The new rack of carbs for my Honda CB 550 K are all set to go, cleaned and assembled with brand new rebuild kits. The last project to tackle for the fuel delivery system is the tank. This tank is not the worst I have seen, but it certainly has rust inside, and that should be remedied, before installing a sparkling rack of carbs. No sense in clogging the jets with rust particles, after the time, frustration and misery it took to rebuild the carbs.
I have planned on stripping the paint off the tank as well, down to the bare metal, and leaving it that way. The original, 35-year-old paint on the tank now is faded. Although it looks sorta neat, I really wanted something a little more industrial looking, keeping the theme of the bike utilitarian, all black and metals. I love all things metal, and this tank will look sweet with just the raw look. There are some considerations for this process, such as whether to clear coat it or not, but that will be a decision for later. For now, I just need to get the inside free of rust, and the outside free of paint.
I made a mistake here. I decided to strip the tank first, before cleaning the inside. My logic was that I didn’t want the stripper and sanding dust to get inside, once the interior was cleaned. That turned out to be a very bad move, because the acid from the rust remover ended up tarnishing the tank, after I had spent hours getting it nice and shiny. Lesson learned.
I borrowed a can of paint stripper from my friend. I wasn’t sure if the normal, household stripper would work, but it was worth a shot, before I went out and spent $25 on Aircraft Stripper. I got the old chemical resistant gloves on, and a shitty bristle paint brush, placed the tank over a large Tupperware storage bin, and slathered it on. Remember to never use a foam brush, because these products will eat foam immediately. Within seconds the stripper was working, the paint bubbling off the foundation. The photo below shows the tank after only one coat of stripper, but it would end up taking 3-4 coats to get all the remaining residue off the tank.
After all the coats of stripper, I then took it over to the bench, and began sanding down the steel. I started with wet/dry 220 grit, making sure to keep both the paper and the surface extremely wet. I sanded for what seemed like forever. The tank was starting to look good, but I was getting tired, and then I remembered I had some special wheels that go on the air compressor powered die grinder. Maybe this would cut the sanding time down?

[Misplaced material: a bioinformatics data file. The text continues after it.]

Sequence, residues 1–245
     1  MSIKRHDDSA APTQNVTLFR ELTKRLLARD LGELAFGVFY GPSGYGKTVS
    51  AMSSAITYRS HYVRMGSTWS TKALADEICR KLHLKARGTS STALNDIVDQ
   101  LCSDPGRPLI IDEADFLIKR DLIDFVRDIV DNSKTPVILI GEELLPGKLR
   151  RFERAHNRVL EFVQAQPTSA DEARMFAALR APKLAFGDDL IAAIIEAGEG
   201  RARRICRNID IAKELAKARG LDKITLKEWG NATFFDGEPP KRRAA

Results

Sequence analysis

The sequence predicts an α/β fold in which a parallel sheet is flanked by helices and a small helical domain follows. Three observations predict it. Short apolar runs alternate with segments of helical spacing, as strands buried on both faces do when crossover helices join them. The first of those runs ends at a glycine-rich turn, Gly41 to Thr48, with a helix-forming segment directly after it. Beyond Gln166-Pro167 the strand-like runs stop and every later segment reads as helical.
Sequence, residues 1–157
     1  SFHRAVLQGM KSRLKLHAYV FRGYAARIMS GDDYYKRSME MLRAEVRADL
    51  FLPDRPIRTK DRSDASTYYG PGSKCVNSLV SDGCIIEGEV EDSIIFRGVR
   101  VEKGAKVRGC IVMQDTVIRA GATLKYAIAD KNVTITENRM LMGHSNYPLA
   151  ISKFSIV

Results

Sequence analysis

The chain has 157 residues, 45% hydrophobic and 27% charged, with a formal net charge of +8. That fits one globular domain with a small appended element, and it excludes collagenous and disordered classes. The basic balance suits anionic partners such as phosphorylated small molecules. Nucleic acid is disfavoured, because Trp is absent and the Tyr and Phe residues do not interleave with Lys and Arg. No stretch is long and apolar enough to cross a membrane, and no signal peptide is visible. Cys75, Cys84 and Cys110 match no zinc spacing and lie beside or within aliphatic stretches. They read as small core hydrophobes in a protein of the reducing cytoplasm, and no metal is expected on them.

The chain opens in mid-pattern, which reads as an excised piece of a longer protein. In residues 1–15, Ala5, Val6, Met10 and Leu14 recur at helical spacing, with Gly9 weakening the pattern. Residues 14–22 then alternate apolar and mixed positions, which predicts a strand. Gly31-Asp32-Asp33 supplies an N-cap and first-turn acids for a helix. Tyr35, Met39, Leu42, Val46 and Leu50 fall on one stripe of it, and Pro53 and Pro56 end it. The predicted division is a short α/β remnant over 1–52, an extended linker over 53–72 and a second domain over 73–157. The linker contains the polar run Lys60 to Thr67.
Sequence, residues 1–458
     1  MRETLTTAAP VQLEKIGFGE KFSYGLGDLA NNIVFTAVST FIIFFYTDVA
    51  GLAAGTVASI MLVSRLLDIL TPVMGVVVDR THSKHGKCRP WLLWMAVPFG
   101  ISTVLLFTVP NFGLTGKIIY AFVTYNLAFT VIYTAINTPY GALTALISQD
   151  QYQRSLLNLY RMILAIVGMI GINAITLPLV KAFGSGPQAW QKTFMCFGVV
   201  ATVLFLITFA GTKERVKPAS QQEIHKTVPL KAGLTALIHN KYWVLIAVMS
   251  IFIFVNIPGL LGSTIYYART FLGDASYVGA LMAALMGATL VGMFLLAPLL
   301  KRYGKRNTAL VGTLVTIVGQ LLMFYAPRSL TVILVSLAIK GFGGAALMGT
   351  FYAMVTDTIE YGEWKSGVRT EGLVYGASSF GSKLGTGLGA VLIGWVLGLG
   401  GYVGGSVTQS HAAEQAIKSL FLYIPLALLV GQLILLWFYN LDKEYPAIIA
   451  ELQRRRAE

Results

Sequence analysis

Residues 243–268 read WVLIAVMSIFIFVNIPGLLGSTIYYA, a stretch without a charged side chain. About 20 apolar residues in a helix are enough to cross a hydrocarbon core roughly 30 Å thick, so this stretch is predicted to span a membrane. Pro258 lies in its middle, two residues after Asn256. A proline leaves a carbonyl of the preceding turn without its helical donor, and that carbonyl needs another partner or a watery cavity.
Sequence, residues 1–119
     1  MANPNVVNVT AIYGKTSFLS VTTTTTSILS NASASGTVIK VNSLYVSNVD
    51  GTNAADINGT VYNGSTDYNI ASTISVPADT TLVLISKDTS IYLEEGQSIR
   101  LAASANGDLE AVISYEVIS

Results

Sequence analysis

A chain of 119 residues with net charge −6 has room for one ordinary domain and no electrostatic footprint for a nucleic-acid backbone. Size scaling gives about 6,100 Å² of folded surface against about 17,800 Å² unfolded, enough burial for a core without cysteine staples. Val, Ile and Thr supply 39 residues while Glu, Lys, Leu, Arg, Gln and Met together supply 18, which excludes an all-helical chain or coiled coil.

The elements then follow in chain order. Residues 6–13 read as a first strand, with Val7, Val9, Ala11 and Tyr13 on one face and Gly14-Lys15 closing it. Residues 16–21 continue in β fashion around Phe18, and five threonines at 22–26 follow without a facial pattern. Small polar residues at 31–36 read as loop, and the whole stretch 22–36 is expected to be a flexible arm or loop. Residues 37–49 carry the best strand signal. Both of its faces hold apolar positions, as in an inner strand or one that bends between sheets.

“Who doesn’t want a shortcut to greatness?” Jeff Bridges: The Contender
I fired up the compressor with a 220 grit wheel (not wet/dry), and began working my way across the tank with fairly quick strokes, so as not to leave the cutting power in any one place too long. The results were noticeable immediately, but the problem with this type of sanding is that it leaves lines in the metal, from uneven cuts. I figured I could get the base sanding done this way, and then eliminate the lines with higher grit wet/dry paper later. Below you can see the lines on the top, but the more even sanding, done by hand, on the sides.
My arm was aching and my fingers were twitching, so it seemed like a good time to call it a night.
Came back in the next morning and began the process of getting the top and one side completely uniform looking. It was coming out decent, but I still had the back side to do. The photo below shows what the tank looked like before I began the sanding. At this point, the top and side were done, but I had yet to begin the second side.
I finished the second side, and was quite pleased with the look of the steel. It was time to take on the rust inside the tank, and I began rounding up all the products I had purchased for this task. Although it may seem odd, I was going to be using a technique involving a toilet bowl cleaner called The Works. This has acid in it, like all toilet bowl cleaners, but at a higher concentrate than the ones we typically use at home.
Tune in next time for fun with acid cleaners and chemical reactions….